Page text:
Turkey adopted the 8mm Mauser cartridge as part of its modernization after World War One, and with the assistance of German technicians developed a copy of the German 8mm S cartridge. Most of the surplus Turkish 8mm ammunition available in th eUNited States at this time is 1940s production, with this sample being dated 1941. It was packaged 1400 rounds to the crate, with 20 bandoliers per crate and 70 rounds per bandolier, on 5-round Mauser stripper clips.
This ammunition has a well-deserved reputation for damaging semiautomatic rifle and machine guns due to poor storage causing pressure to increase above original specifications.
I tested velocity using an 8mm Kar98k Mauser rifle (barrel length 23.6 inches). Measurements were taken at 10 feet from the muzzle, with a sample size of 15 rounds fired. I found an average velocity of 2948 fps, extreme spread of 72 fps (max 2905, min 2977), and standard deviation of 22.24 fps. None of the rounds exhibited any indication of hagnfires, but recoil was more intense than normal. Primers showed consistent cratering, and the rifle developed a crack in the wrist of the stock by the end of the test firing. This is definitely overpressure ammunition.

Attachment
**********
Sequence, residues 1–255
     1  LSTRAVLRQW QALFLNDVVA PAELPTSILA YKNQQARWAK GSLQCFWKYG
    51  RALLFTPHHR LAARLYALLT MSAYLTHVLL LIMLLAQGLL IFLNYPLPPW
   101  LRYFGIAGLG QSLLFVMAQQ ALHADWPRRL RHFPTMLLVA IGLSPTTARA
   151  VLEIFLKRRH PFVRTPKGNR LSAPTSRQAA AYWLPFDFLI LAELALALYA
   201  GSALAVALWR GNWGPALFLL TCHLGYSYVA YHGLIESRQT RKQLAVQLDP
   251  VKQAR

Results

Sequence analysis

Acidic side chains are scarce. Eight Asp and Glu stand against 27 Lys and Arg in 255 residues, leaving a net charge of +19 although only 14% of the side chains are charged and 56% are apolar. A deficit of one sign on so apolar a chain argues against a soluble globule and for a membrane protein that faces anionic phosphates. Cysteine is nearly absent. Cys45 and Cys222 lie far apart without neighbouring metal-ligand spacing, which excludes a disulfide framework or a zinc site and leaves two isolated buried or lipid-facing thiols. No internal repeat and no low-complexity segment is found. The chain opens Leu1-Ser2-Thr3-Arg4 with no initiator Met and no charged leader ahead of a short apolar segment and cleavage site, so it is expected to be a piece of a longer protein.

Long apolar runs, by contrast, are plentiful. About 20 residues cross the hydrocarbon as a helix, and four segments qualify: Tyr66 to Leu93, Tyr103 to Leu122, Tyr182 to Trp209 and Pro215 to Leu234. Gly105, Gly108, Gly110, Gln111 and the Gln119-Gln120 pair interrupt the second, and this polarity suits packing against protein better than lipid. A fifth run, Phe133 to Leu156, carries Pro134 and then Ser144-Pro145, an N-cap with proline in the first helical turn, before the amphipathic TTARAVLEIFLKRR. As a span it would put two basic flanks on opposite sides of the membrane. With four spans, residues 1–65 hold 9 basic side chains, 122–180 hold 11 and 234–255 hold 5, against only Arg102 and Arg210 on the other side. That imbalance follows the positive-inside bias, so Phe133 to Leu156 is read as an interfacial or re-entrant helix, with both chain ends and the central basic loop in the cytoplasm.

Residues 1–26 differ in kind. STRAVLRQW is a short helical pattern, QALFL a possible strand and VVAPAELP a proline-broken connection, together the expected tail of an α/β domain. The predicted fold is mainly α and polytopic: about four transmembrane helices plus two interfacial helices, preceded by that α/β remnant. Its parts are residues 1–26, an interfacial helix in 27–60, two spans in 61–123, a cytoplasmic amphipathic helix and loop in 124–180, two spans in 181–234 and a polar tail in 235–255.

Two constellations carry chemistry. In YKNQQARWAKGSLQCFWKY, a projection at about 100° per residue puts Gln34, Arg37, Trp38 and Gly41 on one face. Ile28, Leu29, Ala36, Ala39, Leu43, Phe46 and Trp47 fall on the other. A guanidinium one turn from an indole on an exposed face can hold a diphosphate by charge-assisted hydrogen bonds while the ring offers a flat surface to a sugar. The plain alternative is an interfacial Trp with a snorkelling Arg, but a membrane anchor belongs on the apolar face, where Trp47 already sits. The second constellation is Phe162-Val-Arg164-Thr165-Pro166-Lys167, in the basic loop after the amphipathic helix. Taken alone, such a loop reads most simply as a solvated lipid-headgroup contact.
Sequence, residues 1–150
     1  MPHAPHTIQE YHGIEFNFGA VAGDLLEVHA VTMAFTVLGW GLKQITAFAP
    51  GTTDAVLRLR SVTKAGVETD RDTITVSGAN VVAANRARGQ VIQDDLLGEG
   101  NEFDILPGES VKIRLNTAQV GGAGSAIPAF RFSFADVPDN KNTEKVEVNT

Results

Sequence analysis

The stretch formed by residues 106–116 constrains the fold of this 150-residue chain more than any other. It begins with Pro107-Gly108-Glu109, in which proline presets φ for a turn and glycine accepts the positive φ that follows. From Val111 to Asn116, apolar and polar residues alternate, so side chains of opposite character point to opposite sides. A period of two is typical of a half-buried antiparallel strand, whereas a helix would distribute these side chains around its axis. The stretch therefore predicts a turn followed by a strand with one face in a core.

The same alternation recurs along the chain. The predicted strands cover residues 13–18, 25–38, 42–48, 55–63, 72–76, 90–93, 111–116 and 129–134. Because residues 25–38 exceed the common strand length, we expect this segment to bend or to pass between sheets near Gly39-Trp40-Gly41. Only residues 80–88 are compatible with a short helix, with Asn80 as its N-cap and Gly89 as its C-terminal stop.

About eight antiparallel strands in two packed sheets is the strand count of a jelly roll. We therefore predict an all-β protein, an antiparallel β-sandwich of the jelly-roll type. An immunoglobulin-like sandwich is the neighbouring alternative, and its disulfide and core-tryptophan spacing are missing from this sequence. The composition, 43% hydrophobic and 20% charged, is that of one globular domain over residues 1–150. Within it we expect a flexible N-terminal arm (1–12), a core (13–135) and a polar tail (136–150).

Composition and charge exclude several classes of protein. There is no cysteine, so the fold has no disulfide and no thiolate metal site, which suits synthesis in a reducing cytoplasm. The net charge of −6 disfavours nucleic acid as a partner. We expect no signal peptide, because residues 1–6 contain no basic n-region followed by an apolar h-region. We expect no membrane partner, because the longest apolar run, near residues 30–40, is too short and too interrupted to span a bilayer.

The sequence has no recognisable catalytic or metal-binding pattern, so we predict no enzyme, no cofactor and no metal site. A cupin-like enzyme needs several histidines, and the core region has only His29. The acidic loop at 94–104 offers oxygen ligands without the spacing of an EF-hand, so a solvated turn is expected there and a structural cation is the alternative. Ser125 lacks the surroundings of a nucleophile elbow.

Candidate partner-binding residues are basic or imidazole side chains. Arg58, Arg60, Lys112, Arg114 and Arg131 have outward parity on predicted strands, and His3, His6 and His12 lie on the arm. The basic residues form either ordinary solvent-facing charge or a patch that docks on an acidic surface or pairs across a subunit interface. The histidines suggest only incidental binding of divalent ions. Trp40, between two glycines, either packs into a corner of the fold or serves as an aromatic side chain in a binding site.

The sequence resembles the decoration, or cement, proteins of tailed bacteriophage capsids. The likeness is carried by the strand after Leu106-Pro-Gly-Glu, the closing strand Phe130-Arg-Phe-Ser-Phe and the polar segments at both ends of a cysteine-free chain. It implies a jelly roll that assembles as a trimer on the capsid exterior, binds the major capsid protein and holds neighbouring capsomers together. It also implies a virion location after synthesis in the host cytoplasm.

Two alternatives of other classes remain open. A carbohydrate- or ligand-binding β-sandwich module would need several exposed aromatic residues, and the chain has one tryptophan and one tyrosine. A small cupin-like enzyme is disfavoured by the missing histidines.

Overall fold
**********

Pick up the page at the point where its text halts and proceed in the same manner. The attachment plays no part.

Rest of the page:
I tested the weight of 10 bullets using a calibrated Lyman electronic scale. I found an average weight of 154.3 grains, extreme spread of 2.4 grains (max 156.0 gr, min 153.6 gr), and standard deviation of 0.66 grains. Bullet construction is flat base with an open base, lead core, and a cupronickel jacket (these bullets do attract a magnet).
The primers are Berdan and corrosive. The cases are brass.
Velocities (fps): 2921, 2931, 2968, 2922, 2954, 2975, 2975, 2951, 2977, 2947, 2976, 2905, 2946, 2933, 2937
Bullet weights (grains): 154.3, 154.3, 154.7, 154.3, 153.7, 154.4, 153.6, 153.6, 156.0, 154.4